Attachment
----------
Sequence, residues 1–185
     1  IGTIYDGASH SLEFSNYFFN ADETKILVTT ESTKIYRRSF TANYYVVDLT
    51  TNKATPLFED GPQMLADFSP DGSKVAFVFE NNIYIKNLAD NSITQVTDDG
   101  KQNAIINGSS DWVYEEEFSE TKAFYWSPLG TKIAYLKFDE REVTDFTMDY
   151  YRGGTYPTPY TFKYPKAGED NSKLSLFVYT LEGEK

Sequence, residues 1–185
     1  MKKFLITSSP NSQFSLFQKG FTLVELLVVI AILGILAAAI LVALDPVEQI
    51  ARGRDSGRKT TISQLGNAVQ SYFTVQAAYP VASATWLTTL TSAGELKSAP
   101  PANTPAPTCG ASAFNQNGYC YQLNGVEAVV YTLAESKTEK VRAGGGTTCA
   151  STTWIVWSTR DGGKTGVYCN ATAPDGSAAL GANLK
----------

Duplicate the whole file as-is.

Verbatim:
Sequence, residues 1–185
     1  IGTIYDGASH SLEFSNYFFN ADETKILVTT ESTKIYRRSF TANYYVVDLT
    51  TNKATPLFED GPQMLADFSP DGSKVAFVFE NNIYIKNLAD NSITQVTDDG
   101  KQNAIINGSS DWVYEEEFSE TKAFYWSPLG TKIAYLKFDE REVTDFTMDY
   151  YRGGTYPTPY TFKYPKAGED NSKLSLFVYT LEGEK

Sequence, residues 1–185
     1  MKKFLITSSP NSQFSLFQKG FTLVELLVVI AILGILAAAI LVALDPVEQI
    51  ARGRDSGRKT TISQLGNAVQ SYFTVQAAYP VASATWLTTL TSAGELKSAP
   101  PANTPAPTCG ASAFNQNGYC YQLNGVEAVV YTLAESKTEK VRAGGGTTCA
   151  STTWIVWSTR DGGKTGVYCN ATAPDGSAAL GANLK